• public virtual String ToString();
      • Returns
    • protected virtual void Finalize();
      • Called to free allocated resources before object is garbage collected.
    • protected Object MemberwiseClone();
      • Performs shallow copy
      • To have your class instances perform deep copies you need to implement the ICloneable interface.
type class
You get type object this way:

Type t = myObj.GetType();

Type t = Type.GetType(“myObj”);

Some of Type’s members:











GetType() returns Type Object

FindMembers() returns MemberInfo array

GetEvents() returns EventInfo array

GetFields() :

GetMethods() :

GetInterfaces() :

GetMembers() :

GetProperties() :

Type Class
useful interfaces
Useful Interfaces
  • IComparable - method
    • Int CompareTo(object obj);
      • Return:
        • Negative => less
        • Zero => equal
        • Positive => greater
  • ICloneable - method
    • object clone();
  • ICollection – properties and method
    • int count { get; }
    • bool IsSynchronized { get; }
    • object SyncRoot { get; }
    • void CopyTo(Array array, int index);
useful interfaces18
Useful Interfaces
  • IEnumerable - method
    • System.Collections.IEnumerator GetEnumerator();
  • IEnumerator – property and methods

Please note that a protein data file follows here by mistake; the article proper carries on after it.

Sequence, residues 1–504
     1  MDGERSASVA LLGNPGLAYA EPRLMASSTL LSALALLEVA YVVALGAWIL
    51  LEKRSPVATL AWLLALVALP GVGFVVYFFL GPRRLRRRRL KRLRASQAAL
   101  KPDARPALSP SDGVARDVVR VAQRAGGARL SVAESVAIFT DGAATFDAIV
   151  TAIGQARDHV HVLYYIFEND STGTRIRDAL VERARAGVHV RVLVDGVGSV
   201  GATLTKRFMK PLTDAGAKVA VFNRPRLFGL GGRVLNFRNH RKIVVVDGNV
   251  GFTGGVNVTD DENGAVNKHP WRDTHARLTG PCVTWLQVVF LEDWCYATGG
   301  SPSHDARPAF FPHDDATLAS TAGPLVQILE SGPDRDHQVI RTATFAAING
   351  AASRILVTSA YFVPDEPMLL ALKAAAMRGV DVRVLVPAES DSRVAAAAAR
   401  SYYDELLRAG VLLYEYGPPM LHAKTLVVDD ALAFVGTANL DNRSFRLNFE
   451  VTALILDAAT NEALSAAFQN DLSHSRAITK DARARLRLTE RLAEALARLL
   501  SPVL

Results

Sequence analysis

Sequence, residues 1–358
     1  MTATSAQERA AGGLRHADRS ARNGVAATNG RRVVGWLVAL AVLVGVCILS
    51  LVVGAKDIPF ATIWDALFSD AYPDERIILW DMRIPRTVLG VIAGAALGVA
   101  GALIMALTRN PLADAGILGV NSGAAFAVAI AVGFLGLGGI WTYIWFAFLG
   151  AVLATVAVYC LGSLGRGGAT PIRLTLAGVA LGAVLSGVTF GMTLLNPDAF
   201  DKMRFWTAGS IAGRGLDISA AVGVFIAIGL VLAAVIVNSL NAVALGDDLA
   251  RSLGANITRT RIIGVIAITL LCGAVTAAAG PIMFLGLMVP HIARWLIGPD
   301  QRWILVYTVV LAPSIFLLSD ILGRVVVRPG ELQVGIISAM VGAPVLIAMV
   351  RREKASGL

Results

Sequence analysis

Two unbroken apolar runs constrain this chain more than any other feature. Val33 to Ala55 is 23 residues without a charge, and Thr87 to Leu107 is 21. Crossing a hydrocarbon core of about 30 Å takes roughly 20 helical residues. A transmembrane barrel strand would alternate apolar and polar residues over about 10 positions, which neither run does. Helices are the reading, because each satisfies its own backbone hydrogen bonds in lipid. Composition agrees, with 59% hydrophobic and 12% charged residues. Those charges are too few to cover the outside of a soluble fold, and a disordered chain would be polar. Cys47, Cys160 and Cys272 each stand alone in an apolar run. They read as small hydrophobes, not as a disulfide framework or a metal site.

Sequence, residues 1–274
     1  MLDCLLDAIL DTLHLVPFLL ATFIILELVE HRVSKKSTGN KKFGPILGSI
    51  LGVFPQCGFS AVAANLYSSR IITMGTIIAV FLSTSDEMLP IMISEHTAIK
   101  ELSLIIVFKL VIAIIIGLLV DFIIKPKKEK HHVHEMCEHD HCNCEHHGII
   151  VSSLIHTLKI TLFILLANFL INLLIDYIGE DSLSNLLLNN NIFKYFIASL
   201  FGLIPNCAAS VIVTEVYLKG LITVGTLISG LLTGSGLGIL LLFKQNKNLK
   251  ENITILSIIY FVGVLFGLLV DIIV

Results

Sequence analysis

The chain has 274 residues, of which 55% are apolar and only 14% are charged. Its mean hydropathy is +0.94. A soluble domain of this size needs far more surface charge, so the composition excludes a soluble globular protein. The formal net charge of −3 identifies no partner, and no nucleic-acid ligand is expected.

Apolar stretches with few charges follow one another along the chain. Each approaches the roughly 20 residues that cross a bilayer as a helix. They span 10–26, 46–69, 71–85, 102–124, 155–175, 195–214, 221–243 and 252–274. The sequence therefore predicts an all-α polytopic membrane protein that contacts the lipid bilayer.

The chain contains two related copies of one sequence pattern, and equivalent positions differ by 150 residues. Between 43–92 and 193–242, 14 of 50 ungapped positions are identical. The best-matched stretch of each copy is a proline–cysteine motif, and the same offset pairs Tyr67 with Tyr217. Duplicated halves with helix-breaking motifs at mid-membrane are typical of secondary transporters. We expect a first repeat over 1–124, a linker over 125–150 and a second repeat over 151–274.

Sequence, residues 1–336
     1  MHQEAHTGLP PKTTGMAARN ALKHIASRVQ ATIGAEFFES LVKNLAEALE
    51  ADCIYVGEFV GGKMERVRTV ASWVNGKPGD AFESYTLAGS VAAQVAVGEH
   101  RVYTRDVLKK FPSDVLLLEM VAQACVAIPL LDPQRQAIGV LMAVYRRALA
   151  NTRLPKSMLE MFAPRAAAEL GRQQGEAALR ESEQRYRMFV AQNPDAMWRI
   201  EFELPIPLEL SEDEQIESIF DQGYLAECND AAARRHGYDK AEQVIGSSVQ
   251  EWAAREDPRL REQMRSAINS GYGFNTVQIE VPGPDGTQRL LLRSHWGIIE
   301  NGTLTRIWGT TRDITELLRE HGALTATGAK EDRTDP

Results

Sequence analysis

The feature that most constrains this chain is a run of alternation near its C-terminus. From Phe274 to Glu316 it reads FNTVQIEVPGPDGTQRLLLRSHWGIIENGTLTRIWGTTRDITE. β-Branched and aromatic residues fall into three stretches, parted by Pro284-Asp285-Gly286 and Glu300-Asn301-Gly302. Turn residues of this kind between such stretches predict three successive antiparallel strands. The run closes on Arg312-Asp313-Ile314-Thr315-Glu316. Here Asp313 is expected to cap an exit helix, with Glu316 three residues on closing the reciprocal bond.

• object Current { get; }
    • bool MoveNext();
    • void Reset();
useful interfaces19

bool IsFixedSize { get; }

bool IsReadOnly { get; }

object this[ object key ] { get; set; }

ICollection keys { get; }

ICollection values { get; }

void Add(object key, object value);

void Clear();

bool Contains(object key);

System.Collections.IDictionaryEnumerator GetEnumerator();

void Remove(object key);


bool IsFixedSize { get; }

bool IsReadOnly { get; }

object this[ object key ] { get; set; }

void Add(object key, object value);

void Clear();

bool Contains(object key);

int IndexOf(object value);

void Insert(int index, object value);

void Remove(object value);

void RemoveAt(int index);

Useful Interfaces
  • Delegates are used for callbacks:
    • In response to some event they invoke one or more functions supplied to them.
    • Library code that generates an event will define a delegate for application developers to use – the developer defines application specific processing that needs to occur in response to an event generated by the library code.
    • A delegate defines one specific function signature to use:public delegate rtnType delFun(args…);This declares a new type, delFun that invokes functions with that signature.
    • The developer supplies functions this way:libClass.delFun myDel = new libClass.delFun(myFun);This declares a new instance, myDel, of the delFun type.
  • Events are specialized delegates that are declared and invoked by a class that wants to publish notifications.The event handlers are functions created by an event subscriber and given to the delegate.
  • A C# event uses the specialized delegate event handler of the form:public delegate void evDelegate( object sender, userEventArgs eArgs );userEventArgs is a subscriber defined class, derived from System.EventArgs. You usually provide it with a constructor to allow you to specify information for the event to use.
  • The event is then declared by the publisher as:public event evDelegate evt;Either publisher or subscriber has to create a delegate object, eveDel, and pass it to the other participant.